Cashman says Yankees interested in Machado
LAS VEGAS (AP) — Yankees general manager Brian Cashman says he has been talking about Manny Machado with the infielder’s agent.
New York shortstop Didi Gregorius is expected to miss at least half of next season while recovering from Tommy John surgery, leaving the team in search of an infielder.
“I’ve had several conversations with Dan Lozano about Manny Machado,” Cashman said Monday at the winter meetings. “So we are we are definitely focused in the marketplace on those areas of need and he, obviously, is available and solves that area of need. So, not going to deny we’ve had a conversation. Or two.”
Cashman said last month that Machado would have to explain his comments that he isn’t “Johnny Hustle” and his failure to run hard on the bases, which became glaring in the postseason. Cashman would not say whether he plans to meet with Machado.
Bryce Harper, the other top free agent, appears to be of little interest to the Yankees, at least publicly. Asked whether he had met with the Las Vegas native, Cashman responded: “Are you serious?”
He then listed the outfielders on the Yankees roster: Aaron Judge, Giancarlo Stanton, Jacoby Ellsbury, Brett Gardner, Aaron Hicks and Clint Frazier. Cashman maintained he’s not interested in having Harper switch positions.
“People ask about the first-base stuff and I’m sure it’s potentially a possibility, but it’s not something that we would play on at that level and that type of money, to play something like that at first base,” Cashman said.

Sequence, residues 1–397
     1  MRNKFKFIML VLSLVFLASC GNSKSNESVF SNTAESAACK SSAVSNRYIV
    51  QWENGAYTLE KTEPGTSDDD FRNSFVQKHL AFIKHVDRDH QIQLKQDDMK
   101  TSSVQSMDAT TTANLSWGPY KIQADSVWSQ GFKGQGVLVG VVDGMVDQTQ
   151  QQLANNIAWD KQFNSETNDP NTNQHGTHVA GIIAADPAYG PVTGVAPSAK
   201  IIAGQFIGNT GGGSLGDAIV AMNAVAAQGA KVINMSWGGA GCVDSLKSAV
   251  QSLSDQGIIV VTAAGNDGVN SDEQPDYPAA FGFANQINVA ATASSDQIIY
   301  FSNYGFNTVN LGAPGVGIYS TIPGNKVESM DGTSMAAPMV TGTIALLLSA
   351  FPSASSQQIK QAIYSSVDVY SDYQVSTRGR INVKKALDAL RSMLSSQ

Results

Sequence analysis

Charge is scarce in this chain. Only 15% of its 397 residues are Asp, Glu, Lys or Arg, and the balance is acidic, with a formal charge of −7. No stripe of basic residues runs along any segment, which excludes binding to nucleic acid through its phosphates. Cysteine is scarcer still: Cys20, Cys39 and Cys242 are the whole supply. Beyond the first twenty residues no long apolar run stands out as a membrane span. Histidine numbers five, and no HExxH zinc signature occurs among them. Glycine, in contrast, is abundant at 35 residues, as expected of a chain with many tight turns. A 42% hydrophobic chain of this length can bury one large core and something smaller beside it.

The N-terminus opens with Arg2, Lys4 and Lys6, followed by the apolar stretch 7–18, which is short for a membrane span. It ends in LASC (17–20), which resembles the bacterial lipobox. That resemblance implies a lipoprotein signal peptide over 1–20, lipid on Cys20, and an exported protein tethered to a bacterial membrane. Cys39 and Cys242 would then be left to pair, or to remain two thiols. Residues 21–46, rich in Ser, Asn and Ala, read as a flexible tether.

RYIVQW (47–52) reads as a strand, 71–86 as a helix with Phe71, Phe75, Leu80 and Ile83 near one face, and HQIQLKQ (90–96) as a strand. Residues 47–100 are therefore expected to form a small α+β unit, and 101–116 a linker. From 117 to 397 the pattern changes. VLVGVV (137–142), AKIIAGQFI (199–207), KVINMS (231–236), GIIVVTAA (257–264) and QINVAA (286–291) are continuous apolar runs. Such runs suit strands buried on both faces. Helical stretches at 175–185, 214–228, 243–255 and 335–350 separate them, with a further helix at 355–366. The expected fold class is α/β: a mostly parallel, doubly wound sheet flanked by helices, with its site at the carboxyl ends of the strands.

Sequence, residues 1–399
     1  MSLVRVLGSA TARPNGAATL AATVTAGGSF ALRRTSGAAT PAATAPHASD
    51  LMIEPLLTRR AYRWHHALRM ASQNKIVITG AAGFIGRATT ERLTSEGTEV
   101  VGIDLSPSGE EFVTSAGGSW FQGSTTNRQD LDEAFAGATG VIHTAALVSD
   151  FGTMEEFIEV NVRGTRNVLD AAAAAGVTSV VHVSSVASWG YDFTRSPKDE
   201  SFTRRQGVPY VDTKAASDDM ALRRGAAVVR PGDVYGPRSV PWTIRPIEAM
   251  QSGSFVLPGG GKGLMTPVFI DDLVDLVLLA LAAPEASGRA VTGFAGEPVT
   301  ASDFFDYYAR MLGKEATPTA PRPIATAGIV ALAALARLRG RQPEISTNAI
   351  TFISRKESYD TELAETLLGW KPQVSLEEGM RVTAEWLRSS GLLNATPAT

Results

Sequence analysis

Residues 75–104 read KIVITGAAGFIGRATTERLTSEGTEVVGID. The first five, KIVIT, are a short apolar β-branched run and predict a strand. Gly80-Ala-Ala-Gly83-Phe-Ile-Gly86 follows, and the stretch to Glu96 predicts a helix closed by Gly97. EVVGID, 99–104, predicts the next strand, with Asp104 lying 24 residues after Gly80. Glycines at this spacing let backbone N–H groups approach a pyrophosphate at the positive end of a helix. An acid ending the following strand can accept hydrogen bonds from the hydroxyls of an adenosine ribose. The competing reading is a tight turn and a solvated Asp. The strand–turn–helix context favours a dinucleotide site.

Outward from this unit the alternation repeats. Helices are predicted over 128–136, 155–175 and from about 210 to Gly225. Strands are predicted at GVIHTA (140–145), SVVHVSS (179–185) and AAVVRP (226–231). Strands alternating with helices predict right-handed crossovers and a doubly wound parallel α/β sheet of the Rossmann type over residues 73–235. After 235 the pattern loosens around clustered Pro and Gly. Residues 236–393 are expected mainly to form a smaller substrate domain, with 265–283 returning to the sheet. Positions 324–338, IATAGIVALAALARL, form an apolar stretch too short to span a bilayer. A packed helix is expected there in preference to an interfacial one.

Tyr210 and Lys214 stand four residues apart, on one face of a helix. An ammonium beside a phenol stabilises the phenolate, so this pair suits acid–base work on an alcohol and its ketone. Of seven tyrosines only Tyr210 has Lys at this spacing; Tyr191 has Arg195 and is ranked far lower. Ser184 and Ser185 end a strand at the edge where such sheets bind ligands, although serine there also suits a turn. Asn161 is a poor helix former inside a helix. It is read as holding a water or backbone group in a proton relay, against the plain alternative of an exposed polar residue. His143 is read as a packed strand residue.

New York, in search of its first title since 2009, is interested in adding another starting pitcher to its rotation, which is projected to include Luis Severino, Masahiro Tanaka, James Paxton and CC Sabathia. The Yankees would like to reach a deal with left-hander J.A. Happ but are uncertain whether other teams will evaluate the 36-year-old left-hander more highly.
Cashman said New York thought 29-year-old left-hander Patrick Corbin was the top free agent pitcher on the market but did not think he was worth paying what Washington agreed to: a $140 million, six-year contract.
In an era of luxury tax and revenue sharing, New York behaves far differently than it did when George Steinbrenner pursued a string of top free agents. Cashman cited a need for rigid “process and discipline” to ensure “we can be a viable contender now and hopefully a viable contender later at the same time.”
“The operation that George was able to operate and navigate through is nowhere close to the one that Hal Steinbrenner has to operate and navigate through,” Cashman said. “It’s a convenient, easy story to write about us being different than the Boss’s Yankees, but the game’s completely different, too, And I think we’ve been operating in a different capacity because it’s a whole new world order.”